VOL. 124 | NO. 175 | Monday, September 07, 2009
A story from The Memphis News
On newsstands throughout the city
Women, Minorities Focus Of 12th Annual Outflix Film Festival
By JONATHAN DEVIN | The Memphis News
UNLIKELY FRIENDS: Derrick L. Middleton and Aidan Schultz-Meyer become unlikely friends and companions in “The Rivers Wash Over Me” by writer Darien Sills-Evans and director John G. Young. -- PHOTOS COURTESY OF THE MEMPHIS GAY AND LESBIAN COMMUNITY CENTER
A tap-dancing angel, a Swedish adoption gone wrong, and the makings of a cheerleader are among the subjects of nearly 20 gay and lesbian film debuts scheduled for the 12th annual Outflix Film Festival at the Malco Ridgeway Four.
Organizers of the event said film selections for this year’s festival, which begins Friday and runs through Sept. 17, will speak to more diverse audiences within Memphis’ gay and lesbian community than in past years.
“I’ve been with Outflix for 12 years and I’m always wanting to see Outflix progress,” said Mickey Maxwell, who serves as co-director along with Susana Rodas. The festival is produced by the Memphis Gay and Lesbian Community Center.
Outflix draws between 1,500 and 2,000 attendees each year and previously has been held at Malco’s Studio on the Square, Peabody Place Muvico (now closed) and the Media Co-op at First Congregational Church in Midtown. It is organized by a committee of 10 volunteers.
GRITTY UNDERWORLD: The cast of “Shank,” by Darren Flaxstone and Christian Martin, explore the gritty underworld of love and seduction amid Britain’s violent gang scene.
Outflix kicked off in June at Studio on the Square with a sold-out fundraiser screening of Tom Gustafson’s film “Were the World Mine,” which Maxwell described as “a gay Midsummer Night’s Dream.” The film was first shown in last year’s Outflix festival.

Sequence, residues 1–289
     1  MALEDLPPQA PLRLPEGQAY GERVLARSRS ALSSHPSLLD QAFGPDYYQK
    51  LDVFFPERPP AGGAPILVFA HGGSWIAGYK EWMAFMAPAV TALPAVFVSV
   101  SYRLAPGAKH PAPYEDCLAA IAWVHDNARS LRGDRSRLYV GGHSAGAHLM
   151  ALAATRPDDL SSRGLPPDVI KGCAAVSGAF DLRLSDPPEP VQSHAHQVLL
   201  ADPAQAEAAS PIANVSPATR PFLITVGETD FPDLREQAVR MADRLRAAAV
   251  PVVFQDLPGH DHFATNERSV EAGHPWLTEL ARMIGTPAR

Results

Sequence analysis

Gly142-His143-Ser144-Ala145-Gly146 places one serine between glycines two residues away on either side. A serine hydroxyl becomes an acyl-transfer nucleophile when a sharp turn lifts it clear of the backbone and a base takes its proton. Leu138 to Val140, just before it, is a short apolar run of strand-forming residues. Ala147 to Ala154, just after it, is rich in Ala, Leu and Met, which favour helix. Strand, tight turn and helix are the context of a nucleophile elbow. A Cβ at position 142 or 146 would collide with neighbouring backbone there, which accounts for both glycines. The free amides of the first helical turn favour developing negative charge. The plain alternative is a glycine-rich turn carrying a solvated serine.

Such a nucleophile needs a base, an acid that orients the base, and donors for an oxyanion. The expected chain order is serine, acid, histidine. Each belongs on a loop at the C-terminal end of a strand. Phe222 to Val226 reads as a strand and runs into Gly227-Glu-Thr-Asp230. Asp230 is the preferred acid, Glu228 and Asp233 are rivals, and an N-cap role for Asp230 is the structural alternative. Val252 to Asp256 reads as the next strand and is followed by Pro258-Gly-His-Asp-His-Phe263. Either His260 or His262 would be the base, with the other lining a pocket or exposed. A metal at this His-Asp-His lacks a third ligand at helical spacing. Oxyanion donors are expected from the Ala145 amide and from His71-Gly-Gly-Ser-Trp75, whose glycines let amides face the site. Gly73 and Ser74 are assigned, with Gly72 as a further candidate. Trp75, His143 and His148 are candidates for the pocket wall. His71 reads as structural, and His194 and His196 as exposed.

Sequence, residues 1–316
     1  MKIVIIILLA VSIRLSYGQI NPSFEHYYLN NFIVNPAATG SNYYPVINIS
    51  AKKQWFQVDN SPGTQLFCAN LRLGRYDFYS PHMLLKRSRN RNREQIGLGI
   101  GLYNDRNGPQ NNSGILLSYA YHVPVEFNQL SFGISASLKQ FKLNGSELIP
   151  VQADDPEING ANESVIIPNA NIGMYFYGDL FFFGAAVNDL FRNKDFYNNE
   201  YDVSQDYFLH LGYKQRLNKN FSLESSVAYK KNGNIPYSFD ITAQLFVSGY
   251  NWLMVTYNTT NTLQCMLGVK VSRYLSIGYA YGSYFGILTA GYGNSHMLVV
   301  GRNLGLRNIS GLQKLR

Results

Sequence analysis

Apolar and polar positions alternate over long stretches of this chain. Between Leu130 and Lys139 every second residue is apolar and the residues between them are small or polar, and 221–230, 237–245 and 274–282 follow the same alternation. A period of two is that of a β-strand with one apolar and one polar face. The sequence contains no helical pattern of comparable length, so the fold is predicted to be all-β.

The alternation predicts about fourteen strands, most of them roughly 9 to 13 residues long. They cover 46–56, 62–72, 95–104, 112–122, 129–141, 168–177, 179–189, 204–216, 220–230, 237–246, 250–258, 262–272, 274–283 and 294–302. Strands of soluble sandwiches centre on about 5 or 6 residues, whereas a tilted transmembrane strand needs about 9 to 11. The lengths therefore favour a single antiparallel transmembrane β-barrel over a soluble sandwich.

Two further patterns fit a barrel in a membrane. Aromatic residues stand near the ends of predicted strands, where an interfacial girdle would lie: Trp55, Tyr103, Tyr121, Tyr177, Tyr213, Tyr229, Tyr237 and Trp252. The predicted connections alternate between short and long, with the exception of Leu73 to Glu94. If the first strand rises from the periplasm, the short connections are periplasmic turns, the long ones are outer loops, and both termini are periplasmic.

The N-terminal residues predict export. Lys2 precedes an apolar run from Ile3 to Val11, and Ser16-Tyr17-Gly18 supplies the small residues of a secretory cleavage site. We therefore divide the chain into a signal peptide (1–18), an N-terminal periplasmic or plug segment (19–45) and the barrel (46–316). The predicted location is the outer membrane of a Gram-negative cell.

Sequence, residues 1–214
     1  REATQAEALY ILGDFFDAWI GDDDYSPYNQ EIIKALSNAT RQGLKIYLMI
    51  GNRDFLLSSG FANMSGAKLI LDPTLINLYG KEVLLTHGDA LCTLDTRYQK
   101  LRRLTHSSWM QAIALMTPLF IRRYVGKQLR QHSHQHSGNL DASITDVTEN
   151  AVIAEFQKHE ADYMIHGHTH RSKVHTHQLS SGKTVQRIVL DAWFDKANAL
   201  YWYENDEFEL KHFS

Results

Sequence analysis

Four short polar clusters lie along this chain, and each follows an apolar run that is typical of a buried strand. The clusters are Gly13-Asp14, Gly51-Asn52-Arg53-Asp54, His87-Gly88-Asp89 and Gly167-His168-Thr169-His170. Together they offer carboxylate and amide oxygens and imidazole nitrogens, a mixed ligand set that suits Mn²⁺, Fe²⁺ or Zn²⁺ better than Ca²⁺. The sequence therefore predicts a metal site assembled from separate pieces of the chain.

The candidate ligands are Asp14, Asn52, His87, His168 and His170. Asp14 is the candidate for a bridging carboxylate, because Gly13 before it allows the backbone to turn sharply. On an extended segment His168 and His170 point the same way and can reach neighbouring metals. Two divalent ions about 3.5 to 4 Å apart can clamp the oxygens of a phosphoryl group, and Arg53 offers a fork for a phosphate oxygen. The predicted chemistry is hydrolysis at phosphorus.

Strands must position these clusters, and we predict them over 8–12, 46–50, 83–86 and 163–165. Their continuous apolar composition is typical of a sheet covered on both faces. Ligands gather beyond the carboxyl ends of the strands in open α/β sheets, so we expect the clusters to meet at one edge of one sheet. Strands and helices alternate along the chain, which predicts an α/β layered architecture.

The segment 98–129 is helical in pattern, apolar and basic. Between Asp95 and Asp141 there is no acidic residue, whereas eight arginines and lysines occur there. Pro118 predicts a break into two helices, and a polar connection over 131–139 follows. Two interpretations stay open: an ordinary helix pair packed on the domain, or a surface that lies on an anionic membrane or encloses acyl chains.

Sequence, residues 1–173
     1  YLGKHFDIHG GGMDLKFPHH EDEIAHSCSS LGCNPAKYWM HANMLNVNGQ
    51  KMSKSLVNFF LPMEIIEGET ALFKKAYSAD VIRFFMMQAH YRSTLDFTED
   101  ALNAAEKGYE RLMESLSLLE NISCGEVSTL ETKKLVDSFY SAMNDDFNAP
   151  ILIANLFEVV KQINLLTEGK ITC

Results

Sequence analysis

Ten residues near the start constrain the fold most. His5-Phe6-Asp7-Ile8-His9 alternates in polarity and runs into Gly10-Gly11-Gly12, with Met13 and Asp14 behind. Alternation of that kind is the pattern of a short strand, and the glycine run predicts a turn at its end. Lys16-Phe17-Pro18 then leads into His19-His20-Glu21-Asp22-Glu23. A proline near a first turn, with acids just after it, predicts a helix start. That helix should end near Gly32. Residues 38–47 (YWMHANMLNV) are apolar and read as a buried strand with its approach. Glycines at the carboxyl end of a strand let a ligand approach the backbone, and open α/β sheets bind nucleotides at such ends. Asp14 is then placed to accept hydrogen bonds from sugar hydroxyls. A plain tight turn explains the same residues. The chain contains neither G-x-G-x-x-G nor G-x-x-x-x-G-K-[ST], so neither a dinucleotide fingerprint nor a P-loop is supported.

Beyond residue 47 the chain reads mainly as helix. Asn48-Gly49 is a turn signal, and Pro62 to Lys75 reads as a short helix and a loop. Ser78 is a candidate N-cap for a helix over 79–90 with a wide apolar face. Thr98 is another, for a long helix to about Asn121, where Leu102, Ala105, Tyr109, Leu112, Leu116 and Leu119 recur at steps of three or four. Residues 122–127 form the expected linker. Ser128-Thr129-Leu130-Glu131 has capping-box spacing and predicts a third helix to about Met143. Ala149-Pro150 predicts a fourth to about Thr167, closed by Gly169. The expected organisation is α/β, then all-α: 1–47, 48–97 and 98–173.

This year, organizers focused on finding films about women and racial minorities.
The documentary “Standing-N-Truth: Breaking the Silence” by filmmaker Tim Daniels of Nashville discusses difficulties he has encountered as a gay African-American living with HIV.
“I really hope we get a good crowd for that one because it would be very relevant to the Memphis community,” Maxwell said. “What (Daniels) keys into is that a lot of folks have blinders on. They say, ‘It’s not going to happen to me,’ and that’s one reason the spread of HIV is increasing.”
Daniels will follow the Sept. 16 screening of his film with a question-and-answer session.
Actress Sharon Gless, best known for her role in the 1980’s TV police drama “Cagney & Lacey,” stars in the free-spirited drama “Hannah Free” directed by Wendy Jo Carlton. It is about two young lesbians whose love affair spans the course of the World War II era. The film will be shown Sept. 13.
“‘Hannah Free’ opens up in Chicago for a theatrical run on Sept. 25,” Rodas said. “Our opening night film, ‘The Big Gay Musical,’ opens up the same weekend in New York.”
“The Big Gay Musical” provides laughs while telling the backstage coming out story of a Broadway actor with the help of a hunky, dancing angel.
Maxwell and Rodas said most of this year’s films are too mature for young children, but two films, “Patrik 1.5” and “Ready? OK!” are suitable for families.
“‘Ready? OK!’ is a comedy about a little boy and all he wants in the world is to be a cheerleader,” Maxwell said. “The movie centers around his family, his neighborhood and his school all learning to deal with him.”
“Patrik 1.5” (Swedish with subtitles) tells the story of two gay men trying to adopt a child.
“It’s called ‘1.5’ because they were expecting a 1-and-a-half-year old child who turns out to be a 15-year-old,” Maxwell said.
Hilarity also ensues in “Make the Yuletide Gay” about a gay college student who goes back into the closet to survive the holidays with his Midwestern family.
“Other festivals have shown ‘Make the Yuletide Gay’ and it has always done really well,” Maxwell said.
Outflix wraps up on a serious note Sept. 17 with “The Rivers Wash Over Me,” which debuted at the Los Angeles GLBT film festival Outfest in July. The film portrays the life of a black, gay teenager suffering from the loss of his mother and the intolerance of a small Alabama town.
Tickets for Outflix are available nightly at the door for $9, or festival passes can be purchased for $70.
A complete schedule of films is available at www.outflixfestival.org.